History of Horror: The Cat and the Canary

Dir. Paul Leni, USA, 1927

Opening with a hand clawing away cobwebs to reveal the opening titles, The Cat and the Canary deploys all the tricks of German and American cinema in a virtuoso, last-minute masterpiece of silent film-making. It’s rife with all kinds of neat touches – from animated intertitles that deploy different fonts, punctuation and crash zooms to mimic the cadence of the human voice, to superimposed skulls, giant cats and medicine bottles that reflect the inner lives of the characters.

The story – the family of the late Cyrus West is gathered at his gothic mansion 20 years after his death to hear the reading of his will – has become a horror cliché. Whether it felt hoary to contemporary audiences is a moot point, because it’s merely a way to gather together a cast of oddballs. There is the scaredy cat nephew Paul; the dashing Charles; the brooding Harry (played by The Phantom of the Opera’s Arthur Edmund Carewe); highly-strung sister Susan and her glamorous niece Cecily. The latter pair provide most of the requisite comedy sequences – searching for men under the bed, or running about in terror – but much less tiresomely than in a lot of contemporary pictures.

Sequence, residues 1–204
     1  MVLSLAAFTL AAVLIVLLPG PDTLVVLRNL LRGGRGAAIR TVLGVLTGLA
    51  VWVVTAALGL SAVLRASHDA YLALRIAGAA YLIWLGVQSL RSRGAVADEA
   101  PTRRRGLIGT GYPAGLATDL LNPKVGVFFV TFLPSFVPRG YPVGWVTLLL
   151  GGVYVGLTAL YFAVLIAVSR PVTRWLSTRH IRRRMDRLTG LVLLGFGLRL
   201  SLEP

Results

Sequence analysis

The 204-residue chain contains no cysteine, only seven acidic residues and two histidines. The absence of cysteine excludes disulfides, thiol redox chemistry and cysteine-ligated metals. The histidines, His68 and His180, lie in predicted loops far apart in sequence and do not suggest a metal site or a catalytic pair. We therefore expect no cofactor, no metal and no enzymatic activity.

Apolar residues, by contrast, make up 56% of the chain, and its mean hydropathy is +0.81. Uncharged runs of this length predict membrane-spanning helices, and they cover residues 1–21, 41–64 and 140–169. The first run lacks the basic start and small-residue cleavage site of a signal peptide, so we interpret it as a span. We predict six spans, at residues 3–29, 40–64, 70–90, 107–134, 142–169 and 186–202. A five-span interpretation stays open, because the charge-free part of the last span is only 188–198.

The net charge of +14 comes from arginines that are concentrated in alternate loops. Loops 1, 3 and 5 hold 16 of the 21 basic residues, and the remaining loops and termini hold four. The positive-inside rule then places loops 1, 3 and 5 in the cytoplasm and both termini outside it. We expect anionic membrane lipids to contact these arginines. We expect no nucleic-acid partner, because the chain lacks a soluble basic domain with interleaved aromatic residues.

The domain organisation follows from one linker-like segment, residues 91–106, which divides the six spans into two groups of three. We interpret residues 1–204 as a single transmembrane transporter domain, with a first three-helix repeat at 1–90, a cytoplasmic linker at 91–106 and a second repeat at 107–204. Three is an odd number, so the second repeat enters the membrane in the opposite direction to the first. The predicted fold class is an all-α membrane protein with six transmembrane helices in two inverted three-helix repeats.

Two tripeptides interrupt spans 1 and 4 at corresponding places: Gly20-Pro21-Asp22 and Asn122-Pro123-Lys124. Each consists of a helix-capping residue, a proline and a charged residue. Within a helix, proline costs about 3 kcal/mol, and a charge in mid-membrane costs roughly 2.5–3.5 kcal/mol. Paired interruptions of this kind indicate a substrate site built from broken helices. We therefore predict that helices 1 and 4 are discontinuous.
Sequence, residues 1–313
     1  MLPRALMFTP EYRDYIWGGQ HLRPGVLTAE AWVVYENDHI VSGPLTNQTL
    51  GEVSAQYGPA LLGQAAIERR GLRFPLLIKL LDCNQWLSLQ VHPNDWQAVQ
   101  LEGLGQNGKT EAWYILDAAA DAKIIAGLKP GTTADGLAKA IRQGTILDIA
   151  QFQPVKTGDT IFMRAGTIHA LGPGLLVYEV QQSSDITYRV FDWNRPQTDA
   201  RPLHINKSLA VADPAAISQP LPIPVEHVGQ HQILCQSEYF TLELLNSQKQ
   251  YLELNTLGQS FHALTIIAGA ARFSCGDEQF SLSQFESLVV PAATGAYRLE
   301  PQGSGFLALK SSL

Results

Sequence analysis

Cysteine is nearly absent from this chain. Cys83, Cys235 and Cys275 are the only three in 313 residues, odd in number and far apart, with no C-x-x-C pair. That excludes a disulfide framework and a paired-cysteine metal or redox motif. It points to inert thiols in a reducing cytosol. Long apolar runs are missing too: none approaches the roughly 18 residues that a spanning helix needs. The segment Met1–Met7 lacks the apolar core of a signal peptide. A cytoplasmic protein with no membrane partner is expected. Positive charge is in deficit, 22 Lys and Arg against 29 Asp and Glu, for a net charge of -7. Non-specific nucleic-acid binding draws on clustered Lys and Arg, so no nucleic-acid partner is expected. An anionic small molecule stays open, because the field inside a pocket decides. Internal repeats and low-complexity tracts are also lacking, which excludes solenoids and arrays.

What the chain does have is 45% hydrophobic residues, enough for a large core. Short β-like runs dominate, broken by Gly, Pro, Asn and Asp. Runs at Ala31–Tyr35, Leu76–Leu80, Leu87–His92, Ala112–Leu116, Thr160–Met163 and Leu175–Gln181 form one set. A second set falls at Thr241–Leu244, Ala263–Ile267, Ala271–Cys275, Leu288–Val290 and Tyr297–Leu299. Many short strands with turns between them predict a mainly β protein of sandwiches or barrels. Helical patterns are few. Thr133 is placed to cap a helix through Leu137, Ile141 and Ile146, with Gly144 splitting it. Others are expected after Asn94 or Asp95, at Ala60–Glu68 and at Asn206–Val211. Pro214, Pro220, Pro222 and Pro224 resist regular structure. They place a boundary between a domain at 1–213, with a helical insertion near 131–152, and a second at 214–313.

The actual beneficiary of West’s will is his distant relation Annabelle – with the catch that she must be judged sane before she can inherit. Sadly for Annabelle, not only are her relatives circling like hungry cats, but no sooner has the will been read than a guard arrives declaring an escaped lunatic is at large and heading for the house. In quick succession, the solicitor has been murdered, Annabelle’s jewels have been snatched, and the rest of the family are starting to suspect her sanity.

German director Paul Leni brings a muscular kind of expressionism to the movie. The West house is gothic, but not ethereal. The camera may roam its empty corridors, curtains billowing, but the murderous Cat’s presence is grotesquely physical – initially manifested by a reaching claw, sharply taloned, that emerges from prosaic hidden panels to seize its prey. Similarly solid is Martha Mattox’s hatched-faced housekeeper, who lurks sinisterly about the house, oozing resentment towards the unwelcome interlopers. The final reveal of the Cat is satisfyingly nasty – boggling eyes and tusk-like teeth turn out to be a costume concealing the real murderer. Even more disconcertingly, the unmasked killer is seen to quite mad, which adds a real frisson to a climax that could, in lesser hands, have been bathetic.

Though flirting with the kind of supernatural horror that Universal fully embraced in the following decade, The Cat and the Canary finally reveals a non-supernatural – if far from reassuringly rational – explanation for its terrors. But in its synthesis of all the hallmarks of the spook movie with elements of crime drama and psychological thriller, it rightly stands as the acme of the ‘old dark house’ strand of horror movies.

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